More and more cities around the world are promoting Instagrammable walls as part of their tourism initiatives. Here in Bacolod City, the Association of Negros Artists (ANA) have made it their mission to make an Instagrammable Bacolod. And they are doing so one wall at a time. Have you had photos with any of their works?
Association of Negros Artists – One Wall at a Time
The Association of Negros Artists (ANA) is a group of passionate artists based in Bacolod who keep on indulging their art through personal works and community collaborations.
Among the more active founding members is Ms. Joan Honoridez, more popularly known as Joan of Art.
One of their notable works is their series of peace murals along many public walls around Bacolod City.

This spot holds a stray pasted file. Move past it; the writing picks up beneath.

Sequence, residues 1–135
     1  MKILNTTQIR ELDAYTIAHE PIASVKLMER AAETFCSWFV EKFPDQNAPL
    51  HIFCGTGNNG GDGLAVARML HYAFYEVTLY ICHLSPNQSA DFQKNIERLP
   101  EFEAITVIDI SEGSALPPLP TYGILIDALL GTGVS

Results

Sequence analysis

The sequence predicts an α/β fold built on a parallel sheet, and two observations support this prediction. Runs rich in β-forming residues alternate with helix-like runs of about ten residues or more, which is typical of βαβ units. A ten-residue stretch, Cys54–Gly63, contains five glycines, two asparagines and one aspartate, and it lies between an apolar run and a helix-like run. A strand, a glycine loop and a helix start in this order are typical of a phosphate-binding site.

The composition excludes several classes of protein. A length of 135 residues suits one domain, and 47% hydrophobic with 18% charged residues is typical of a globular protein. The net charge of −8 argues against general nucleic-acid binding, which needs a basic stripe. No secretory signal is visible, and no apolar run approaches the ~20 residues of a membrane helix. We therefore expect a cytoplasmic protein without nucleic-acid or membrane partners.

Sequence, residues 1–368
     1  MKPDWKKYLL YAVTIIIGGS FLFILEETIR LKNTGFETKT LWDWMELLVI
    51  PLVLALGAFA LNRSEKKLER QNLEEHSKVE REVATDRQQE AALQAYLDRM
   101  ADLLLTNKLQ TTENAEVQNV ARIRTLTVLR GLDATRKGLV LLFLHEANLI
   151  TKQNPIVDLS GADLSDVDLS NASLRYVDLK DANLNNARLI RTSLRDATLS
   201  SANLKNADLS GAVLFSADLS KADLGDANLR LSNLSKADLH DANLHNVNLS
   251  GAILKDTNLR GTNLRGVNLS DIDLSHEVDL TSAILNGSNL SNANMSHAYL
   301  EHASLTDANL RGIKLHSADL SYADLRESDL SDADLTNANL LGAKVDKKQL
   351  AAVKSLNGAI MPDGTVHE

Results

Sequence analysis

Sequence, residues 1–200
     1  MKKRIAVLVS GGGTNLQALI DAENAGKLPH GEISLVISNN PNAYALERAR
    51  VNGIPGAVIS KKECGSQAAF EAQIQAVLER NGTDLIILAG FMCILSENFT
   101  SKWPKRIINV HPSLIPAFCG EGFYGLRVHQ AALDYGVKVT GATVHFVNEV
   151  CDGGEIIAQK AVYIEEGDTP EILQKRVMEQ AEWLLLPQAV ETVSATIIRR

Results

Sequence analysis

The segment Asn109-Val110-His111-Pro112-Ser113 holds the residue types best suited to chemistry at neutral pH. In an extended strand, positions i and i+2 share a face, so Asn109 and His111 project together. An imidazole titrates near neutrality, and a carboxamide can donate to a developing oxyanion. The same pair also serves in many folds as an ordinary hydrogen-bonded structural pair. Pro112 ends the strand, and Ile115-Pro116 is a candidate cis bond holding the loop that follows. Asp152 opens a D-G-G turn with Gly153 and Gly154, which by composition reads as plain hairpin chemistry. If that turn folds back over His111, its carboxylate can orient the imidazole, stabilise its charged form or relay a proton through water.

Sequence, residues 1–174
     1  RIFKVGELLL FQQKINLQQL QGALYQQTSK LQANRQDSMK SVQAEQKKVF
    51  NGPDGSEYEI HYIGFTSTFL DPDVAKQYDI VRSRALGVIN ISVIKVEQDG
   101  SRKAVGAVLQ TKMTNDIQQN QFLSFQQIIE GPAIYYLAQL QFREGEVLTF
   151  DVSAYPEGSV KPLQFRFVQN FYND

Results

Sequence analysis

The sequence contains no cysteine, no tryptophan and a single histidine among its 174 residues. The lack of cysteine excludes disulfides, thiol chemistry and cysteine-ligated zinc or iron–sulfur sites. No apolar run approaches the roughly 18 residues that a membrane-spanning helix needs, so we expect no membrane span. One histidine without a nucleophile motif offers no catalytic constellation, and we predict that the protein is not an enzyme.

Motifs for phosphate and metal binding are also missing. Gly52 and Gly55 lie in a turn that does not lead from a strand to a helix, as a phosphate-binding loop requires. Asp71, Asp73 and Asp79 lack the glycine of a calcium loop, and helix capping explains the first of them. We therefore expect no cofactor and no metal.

They are also mentoring and nurturing young artists to better hone their talents through art workshops.
Murals for Peace
A couple of years ago, the Bacolod City Police Office (BCPO) has tapped the Association of Negros Artists in their drive against vandalism in the city.
Police city director Jack Wanky met with the Bacolod artists about what could be done because the city walls looked so dirty with vandalism.
Together we stand against vandalism! Let’s continue make our city anJoan Honoridez, Joan of Art
So in June 17, 2017, police operatives from Stations 1, 2, and 3 painted the vandalized walls in their respective areas. The following day, ANA artists then painted a mural on the wall of Station 1’s Bacolod City Public Library façade with a mural featuring Jose Rizal.